ED: In terms of the risk premium, what are your rates like relative to high street banks?

GS: On a UK high-street savings account, if you’re talking about the big banks—the Lloyds and the Barclays, Santanders—you’re going to be earning anything between 0% and 1.5% on your money. With second-tier challenger banks, the people we’re competing with on the borrower side, like Paragon, Shawbrook, you might get 2.5% on your money. Landbay, being not protected by the FSCS government guarantee, offers 4%–4.5% and we’re lending out at between 5% and 6%.

ED: If you take the fintech phenomenon, is there other information you’re adding on to your portal that makes it a much more compelling proposition?

GS: We have a vision of where we’ll take our business. Our strategy was to put in place a mortgage engine, to be able to bring in both retail and institutional investment at a level where we could write a meaningful number of mortgages against the challenger banks. We don’t do short-term lending at this stage, high-risk lending, like bridging development finance. We just target vanilla mortgages. Our view was that once we have the mortgage engine in place, it works much like a conveyor belt. Once you have the infrastructure in, you have money coming in, you can scale very well. We took the view that once that’s in place, we can start bolting on complementary products. The view is that if you can make money on your core products then the key to growth is to start looking at new products as a way to originate more volume for our mortgage engine.

ED: And on the investor side, how retail will you go? You sound like an institutional business, almost like private banking.

GS: We operate a low-margin business and we need to scale. Just to keep the lights on, we need to build a loan book that is small in terms of banking, but in P2P, £250 million just to stand still. It was very important for us to get institutional money just to get to that point. It has always been our view that we use institutional money to scale and grow the retail brand organically in the background. That’s the ultimate ambition of any P2P business. We have credibility now. We do not market much but we do see opportunities to differentiate Landbay as a retail investment play.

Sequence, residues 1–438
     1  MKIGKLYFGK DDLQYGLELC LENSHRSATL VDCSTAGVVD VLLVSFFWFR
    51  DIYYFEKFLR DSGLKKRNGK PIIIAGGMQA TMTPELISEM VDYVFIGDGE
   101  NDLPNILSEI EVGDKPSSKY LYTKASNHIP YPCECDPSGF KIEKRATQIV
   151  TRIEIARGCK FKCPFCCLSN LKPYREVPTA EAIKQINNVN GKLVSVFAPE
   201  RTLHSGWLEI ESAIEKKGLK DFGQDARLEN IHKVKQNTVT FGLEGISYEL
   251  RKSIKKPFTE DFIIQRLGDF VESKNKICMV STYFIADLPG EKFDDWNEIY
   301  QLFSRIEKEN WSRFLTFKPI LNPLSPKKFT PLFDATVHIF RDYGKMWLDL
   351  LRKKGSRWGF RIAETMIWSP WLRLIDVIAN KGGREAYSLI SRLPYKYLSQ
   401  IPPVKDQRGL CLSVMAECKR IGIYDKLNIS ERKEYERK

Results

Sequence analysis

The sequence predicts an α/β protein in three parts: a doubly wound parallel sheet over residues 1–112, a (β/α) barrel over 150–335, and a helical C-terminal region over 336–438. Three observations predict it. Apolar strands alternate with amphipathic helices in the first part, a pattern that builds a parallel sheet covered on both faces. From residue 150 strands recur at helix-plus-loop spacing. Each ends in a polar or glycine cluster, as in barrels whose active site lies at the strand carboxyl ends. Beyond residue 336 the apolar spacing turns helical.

ED: Although your position is as a fintech phenomenon, your costs will be on the risk, origination, and documentation side. If you want to securitise, that’s where a lot of costs come from.

GS: It’s interesting. The whole securitisation market is probably one that’s massively ripe for disruption, more so than anything else we’re doing. And to some extent, the whole concept of what we’re doing a P2P mortgage bond is essentially a mini-securitisation—taking those portfolios, potentially tranching them by risk, and offering something that’s standardised and transparent. The transparency is the key point of difference. Obviously, the global financial crisis was caused by a lack of transparency. Landbay takes the good things from that structure and packages them up in a way that the man on the street can understand and make an educated decision on where their money is going.

ED: When you talk to investors on the investor side, is it both as an investor in your portfolio and in your company?

GS: We’re nascent. So we have probably grown slower than many fintech P2P businesses because we have a different business model: it’s more old school financial services. And then you start bolting on the tech and the e-commerce sides. So when we talk to investors, there are two potential equity investors—the Silicon Valley style venture capitalists who want to hear about us changing the world, reinventing the mortgage, the uberisation of finance. And then you’ve got the FS (financial services) type of investors, the hedge funds, the investment banks, who ask you, is your credit of good quality, can we see ourselves giving you money to lend? They almost see the value of Landbay on the fintech side as a bonus. It’s a bonus if they make money on us, or if we manage to IPO because we’re the next Lending Club.

There is a bit of smoke with people talking about the huge disruption that a lot of fintechs say they are doing. I don’t think they’re quite at that level at this stage. We’re just making meaningful improvements. We’re not curing cancer or reinventing the infrastructure that financial services are built upon. We’re really just nipping at little specialist segments within the broader market.